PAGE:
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Repurposing Maharashtra’s old coal plants for clean energy can deliver Rs 5,700 in benefits: Study

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NAGPUR, Dec 7 (PTI): Retiring and repurposing some of Maharashtra’s oldest and most expensive coal plants for clean energy and grid stability services can deliver Rs 5,700 crore in benefits, according to a study.

A research by Dr Gireesh Shrimali, head of Transition Finance Research, Oxford Sustainable Finance Group at the University of Oxford, has for the first time quantified the costs and benefits associated with retiring and repurposing 4,020 MW of old coal units at Bhusawal, Chandrapur, Koradi, Khaparkheda and Nashik, said Climate Risk horizons in a release.

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Repurposing some of Maharashtra’s oldest and most expensive coal plants by using the land and some of the old coal infrastructure for clean energy and grid stability services can deliver Rs 5,700 crore in benefits, showed the new analysis commissioned by Climate Risk Horizons.

The report explains how the state can maximise financial gains from repurposing older units, gradually reducing its dependence on coal over the coming decade, in line with India’s Nationally Determined Contributions (NDCs) under the Paris Climate Accord.

“The financial benefits of repurposing some or all of these coal plants would be between 2-4 times the costs of decommissioning, and would cover a substantial proportion of the new capital expenditure required for solar, batteries and synchronous condensers,” said Dr Shrimali.

He further said that the total decommissioning costs for the units assessed was approximately Rs 1,756 crore, while the one-time benefits from repurposing for solar PV with battery storage would be Rs 4,356 crore, the study showed.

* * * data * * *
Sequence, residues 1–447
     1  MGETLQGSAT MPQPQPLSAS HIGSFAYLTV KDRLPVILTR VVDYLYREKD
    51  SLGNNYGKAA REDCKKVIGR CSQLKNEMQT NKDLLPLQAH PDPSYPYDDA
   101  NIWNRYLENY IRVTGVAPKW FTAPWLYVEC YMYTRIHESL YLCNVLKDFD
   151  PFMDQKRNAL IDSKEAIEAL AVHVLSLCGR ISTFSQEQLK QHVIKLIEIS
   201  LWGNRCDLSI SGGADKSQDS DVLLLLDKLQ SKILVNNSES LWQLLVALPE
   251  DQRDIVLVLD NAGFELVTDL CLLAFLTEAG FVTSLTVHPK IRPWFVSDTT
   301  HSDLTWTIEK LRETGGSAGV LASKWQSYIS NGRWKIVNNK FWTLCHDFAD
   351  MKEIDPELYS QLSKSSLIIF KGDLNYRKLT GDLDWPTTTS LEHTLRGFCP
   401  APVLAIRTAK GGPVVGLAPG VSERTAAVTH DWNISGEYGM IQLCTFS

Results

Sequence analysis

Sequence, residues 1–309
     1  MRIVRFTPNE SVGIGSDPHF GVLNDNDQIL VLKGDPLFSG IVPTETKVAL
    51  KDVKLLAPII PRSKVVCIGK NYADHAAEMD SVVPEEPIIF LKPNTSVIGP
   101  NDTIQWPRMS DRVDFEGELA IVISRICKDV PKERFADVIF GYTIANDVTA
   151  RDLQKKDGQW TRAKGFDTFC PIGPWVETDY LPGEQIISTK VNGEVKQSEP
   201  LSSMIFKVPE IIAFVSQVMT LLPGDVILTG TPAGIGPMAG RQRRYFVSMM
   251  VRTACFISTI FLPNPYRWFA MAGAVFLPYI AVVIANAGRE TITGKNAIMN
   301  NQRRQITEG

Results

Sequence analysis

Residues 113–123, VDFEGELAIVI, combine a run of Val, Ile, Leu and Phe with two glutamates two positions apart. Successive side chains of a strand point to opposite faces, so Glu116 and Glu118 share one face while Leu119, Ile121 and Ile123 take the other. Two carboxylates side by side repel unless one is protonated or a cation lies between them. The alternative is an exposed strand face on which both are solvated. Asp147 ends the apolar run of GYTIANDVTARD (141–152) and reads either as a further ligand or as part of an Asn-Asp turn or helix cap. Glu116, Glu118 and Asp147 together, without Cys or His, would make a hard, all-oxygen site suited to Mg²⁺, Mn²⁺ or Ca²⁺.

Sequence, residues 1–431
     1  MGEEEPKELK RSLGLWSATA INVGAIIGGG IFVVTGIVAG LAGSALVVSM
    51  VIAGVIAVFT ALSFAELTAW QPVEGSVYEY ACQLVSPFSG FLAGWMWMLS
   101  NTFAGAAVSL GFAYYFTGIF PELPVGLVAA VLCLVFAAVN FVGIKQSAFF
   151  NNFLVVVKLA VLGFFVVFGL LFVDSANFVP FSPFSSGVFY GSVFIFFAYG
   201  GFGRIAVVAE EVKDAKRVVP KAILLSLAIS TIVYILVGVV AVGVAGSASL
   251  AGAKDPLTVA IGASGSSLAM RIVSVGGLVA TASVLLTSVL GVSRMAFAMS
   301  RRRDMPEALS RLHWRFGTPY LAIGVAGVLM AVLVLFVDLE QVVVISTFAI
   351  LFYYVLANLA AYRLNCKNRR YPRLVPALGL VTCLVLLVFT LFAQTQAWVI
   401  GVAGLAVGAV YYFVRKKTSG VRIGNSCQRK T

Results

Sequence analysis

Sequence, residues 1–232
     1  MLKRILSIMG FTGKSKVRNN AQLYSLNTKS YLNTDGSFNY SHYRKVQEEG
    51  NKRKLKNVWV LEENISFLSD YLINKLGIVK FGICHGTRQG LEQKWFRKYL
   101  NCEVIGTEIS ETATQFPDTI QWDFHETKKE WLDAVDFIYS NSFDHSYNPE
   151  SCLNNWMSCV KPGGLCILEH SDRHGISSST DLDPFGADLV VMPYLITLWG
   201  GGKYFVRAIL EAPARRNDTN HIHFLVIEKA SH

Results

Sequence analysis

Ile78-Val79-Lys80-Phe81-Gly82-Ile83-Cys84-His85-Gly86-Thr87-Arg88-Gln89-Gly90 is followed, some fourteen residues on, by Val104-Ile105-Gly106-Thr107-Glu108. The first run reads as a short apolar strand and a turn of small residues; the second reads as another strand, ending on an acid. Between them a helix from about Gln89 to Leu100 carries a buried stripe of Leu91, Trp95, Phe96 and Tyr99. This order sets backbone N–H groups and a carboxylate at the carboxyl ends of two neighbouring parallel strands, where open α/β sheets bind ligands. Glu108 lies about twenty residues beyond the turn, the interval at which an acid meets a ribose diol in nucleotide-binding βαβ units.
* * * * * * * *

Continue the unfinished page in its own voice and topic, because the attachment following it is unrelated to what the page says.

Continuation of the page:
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He said that the analysis also found that while repurposing coal plants for solar PV and battery storage, if the old power plant turbo generator is also repurposed to serve as a synchronous condenser, the benefits are even higher at Rs 5,700 crore.

“Utilising the pre-existing land and grid connection facilities would significantly reduce the cost of the renewable energy generated. This would bring the cost to Rs 1.87 and Rs 2.69 per unit of electricity respectively for solar PV and PV with battery storage, providing Maharashtra State Power Generation Company (Mahagenco) with a cheap source of flexible power,” said Shrimali.

Climate Risk Horizons CEO Ashish Fernandes said, “Maharashtra is already one of the leading states in India’s energy transition story. This study shows that shutting down and repurposing the state’s older, more expensive coal plants could provide a financially attractive opportunity to accelerate this transition in a way that benefits state finances.”

Fernandes added that these old coal units are near or past their end of life and have high running costs, up to Rs 6/kWh. They also need to be retrofitted with air pollution control equipment to comply with emission standards, at considerable expense.

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“Several studies have already shown that retiring old coal plants and replacing their planned generation with new, renewable energy can generate savings by way of lower electricity costs. This analysis looked at specifics of the plants in question in Maharashtra, and detailed decommissioning costs and financial benefits that would accrue from repurposing the existing land and electrical infrastructure for a combination of solar PV, battery storage and grid stabilisation services,” said Fernandes.

Repurposing the plants and their associated ash ponds for solar and battery storage would yield capacities of 1,224 MW of solar and 120 MW of 4-hour battery storage.

Suresh Chopane, president, Green Planet Society, Chandrapur (a hotspot for coal pollution), said with the severe air and water pollution problems caused by coal plants in the state, it is essential that Maharashtra reduces its dependence on expensive and obsolete coal plants. “We need to look at long term solutions, not just for public health, but also to arrest the rise in electricity prices.”

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